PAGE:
\cventry{Spring 2014}{Nonlinear Dynamical Processess}{}{}{}{Collaborated with a group of physics majors on a research project that examined the behavior of nonlinear dynamical systems and investigated chaos theory. To do so, we built a double pendulum, with which we looked at dependence on intitial conditions at high starting angles, using a model on Mathematica to aid us.}
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\subsection{RESEARCH: Advisor: Dr. Robert McNees}
\cventry{Spring 2015 - Present}{Scalar and Tensor Fields in Kerr Spacetime}{}{}{}{Preliminary topics such as the Schwarzchild Solution, scalar-tensor theories of gravity, rotating (Kerr) black holes, stability, and gauge theory were covered before starting the project. As part of the project, we investigate solutions to nonhomogenous differential equations describing scalar and tensor fields propogating in Kerr spacetime.}
%------------------------------------------------
\subsection{RESEARCH: Advisor: Dr. Jon Bougie}
\cventry{Spring 2015 - Present}{Solutions to Navier-Stokes Equations in Unstable Granular Systems}{}{}{}{Solutions to Navier-Stokes Equations are well known for an unstableSolutions to Navier-Stokes Equations for Unstable Granular Systems conducting ﬂuid. We look for a base state which would help solve the equations for a system of vertically-oscillated grains at critical amplitude (undergoing pattern formation). To do so, we analyze continuum simulations of below-onset systems.}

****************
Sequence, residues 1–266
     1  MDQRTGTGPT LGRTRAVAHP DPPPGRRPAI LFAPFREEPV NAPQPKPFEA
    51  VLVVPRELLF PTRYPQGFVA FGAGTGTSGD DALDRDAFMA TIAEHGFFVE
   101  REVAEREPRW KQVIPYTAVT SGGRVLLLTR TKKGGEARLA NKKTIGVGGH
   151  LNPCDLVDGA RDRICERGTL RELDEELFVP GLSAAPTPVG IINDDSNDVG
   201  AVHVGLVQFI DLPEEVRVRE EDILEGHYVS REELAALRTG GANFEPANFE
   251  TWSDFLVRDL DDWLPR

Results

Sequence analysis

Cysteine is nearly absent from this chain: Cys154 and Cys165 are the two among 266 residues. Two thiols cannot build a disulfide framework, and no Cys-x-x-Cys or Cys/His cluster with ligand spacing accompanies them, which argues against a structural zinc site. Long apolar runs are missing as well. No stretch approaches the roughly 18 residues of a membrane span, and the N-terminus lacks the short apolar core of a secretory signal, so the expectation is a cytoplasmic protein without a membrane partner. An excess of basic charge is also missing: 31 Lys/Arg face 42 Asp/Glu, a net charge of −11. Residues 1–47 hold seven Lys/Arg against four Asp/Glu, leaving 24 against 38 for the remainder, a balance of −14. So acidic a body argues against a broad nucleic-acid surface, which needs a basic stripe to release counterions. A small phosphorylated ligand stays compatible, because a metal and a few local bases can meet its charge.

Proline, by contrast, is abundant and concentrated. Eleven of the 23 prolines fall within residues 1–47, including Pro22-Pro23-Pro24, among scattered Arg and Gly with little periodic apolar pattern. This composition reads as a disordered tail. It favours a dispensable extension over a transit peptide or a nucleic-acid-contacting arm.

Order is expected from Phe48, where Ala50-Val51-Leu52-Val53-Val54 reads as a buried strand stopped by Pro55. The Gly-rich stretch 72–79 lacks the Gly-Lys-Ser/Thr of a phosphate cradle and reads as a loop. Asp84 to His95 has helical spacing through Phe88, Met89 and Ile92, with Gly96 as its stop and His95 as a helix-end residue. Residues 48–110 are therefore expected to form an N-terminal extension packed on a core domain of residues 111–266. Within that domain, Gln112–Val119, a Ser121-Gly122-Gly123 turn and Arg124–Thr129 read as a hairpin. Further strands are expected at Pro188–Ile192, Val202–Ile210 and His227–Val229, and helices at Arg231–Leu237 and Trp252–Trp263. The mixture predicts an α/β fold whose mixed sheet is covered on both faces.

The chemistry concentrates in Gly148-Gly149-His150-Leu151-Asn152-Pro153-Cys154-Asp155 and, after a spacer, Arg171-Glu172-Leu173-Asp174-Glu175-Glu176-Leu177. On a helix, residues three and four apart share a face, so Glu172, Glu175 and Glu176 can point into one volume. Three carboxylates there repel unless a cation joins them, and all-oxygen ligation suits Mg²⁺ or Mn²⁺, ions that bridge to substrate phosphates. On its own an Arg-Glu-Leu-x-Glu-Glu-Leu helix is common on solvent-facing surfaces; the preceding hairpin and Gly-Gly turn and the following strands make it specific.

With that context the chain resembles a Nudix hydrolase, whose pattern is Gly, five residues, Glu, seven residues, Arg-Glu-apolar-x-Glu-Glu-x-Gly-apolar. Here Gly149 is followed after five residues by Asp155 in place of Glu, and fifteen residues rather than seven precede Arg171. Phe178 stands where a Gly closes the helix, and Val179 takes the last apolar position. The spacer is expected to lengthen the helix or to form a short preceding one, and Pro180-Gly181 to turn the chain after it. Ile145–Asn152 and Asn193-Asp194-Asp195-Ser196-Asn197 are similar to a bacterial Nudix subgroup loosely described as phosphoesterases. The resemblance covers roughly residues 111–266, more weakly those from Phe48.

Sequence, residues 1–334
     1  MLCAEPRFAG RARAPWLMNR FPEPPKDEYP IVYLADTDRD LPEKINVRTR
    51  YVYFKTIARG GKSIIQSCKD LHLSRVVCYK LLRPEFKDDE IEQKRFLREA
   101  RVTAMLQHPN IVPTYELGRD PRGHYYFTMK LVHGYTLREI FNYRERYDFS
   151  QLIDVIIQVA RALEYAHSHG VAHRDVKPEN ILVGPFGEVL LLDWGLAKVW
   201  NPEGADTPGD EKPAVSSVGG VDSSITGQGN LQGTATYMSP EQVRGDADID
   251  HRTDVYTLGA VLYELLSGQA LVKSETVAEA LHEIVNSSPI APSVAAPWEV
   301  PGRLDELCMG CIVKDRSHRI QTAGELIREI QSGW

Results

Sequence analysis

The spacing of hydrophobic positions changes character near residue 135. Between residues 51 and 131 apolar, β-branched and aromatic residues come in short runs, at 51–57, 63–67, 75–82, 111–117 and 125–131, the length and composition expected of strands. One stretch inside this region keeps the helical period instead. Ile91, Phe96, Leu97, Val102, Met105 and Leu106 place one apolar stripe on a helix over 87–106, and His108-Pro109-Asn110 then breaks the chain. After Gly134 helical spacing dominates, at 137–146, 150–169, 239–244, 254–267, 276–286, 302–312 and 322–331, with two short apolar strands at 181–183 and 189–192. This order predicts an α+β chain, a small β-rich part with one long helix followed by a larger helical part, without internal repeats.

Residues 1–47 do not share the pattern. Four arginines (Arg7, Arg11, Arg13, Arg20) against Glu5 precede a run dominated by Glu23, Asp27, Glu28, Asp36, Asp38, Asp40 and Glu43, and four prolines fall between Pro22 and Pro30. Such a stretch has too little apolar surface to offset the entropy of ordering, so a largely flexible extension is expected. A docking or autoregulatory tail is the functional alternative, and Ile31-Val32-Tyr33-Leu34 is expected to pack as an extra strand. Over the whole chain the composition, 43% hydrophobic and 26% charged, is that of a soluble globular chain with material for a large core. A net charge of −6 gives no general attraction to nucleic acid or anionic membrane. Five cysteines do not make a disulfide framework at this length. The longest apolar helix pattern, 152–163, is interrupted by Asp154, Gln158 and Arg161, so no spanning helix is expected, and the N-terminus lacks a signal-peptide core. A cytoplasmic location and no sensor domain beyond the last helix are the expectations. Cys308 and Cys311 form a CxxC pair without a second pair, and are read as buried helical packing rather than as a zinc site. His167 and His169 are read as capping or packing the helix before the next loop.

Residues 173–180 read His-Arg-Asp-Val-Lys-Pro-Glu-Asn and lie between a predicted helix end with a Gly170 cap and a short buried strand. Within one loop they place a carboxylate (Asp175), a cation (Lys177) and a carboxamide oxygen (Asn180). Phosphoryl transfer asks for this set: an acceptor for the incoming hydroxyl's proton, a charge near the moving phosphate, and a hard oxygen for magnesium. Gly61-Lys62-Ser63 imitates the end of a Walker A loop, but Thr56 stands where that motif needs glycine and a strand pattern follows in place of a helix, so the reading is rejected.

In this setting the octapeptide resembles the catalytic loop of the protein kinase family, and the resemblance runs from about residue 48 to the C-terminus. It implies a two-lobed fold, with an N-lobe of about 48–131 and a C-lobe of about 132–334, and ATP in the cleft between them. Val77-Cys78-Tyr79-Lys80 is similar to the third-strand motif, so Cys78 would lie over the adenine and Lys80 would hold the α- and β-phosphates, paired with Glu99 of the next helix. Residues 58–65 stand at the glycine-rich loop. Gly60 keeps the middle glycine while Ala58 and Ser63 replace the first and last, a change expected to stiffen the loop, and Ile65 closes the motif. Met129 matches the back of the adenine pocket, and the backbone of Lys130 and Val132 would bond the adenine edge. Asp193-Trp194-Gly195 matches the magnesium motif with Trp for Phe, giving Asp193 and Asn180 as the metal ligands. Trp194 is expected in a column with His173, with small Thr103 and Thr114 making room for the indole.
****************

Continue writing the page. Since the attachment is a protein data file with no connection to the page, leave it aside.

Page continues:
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% AWARDS SECTION
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\section{Awards}
\cvitem{2013}{\textit{Distrcit 207's Best for Academic Achievement}--awarded to four seniors per high school in recognition of academic achievement}
\cvitem{2014}{\textit{Father Gerst Memorial Award for Excellence in Physics}--awarded to three freshman physics majors}
\cvitem{2015}{\textit{Duchossois Scholarship}--granted to Loyola undergraduates who have demonstrated academic achievement}
\cvitem{2013-Present}{\textit{Membership in the National Society for Collegiate Scholars}--an organization which selects students from the top 20 percent and which mainly organizes charity events}
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% LANGUAGES SECTION
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\section{Languages}
\cvitemwithcomment{English}{Fluent}{}
\cvitemwithcomment{Spanish}{Conversationally fluent}{}
\cvitemwithcomment{Polish}{Fluent}{}
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\end{document}
```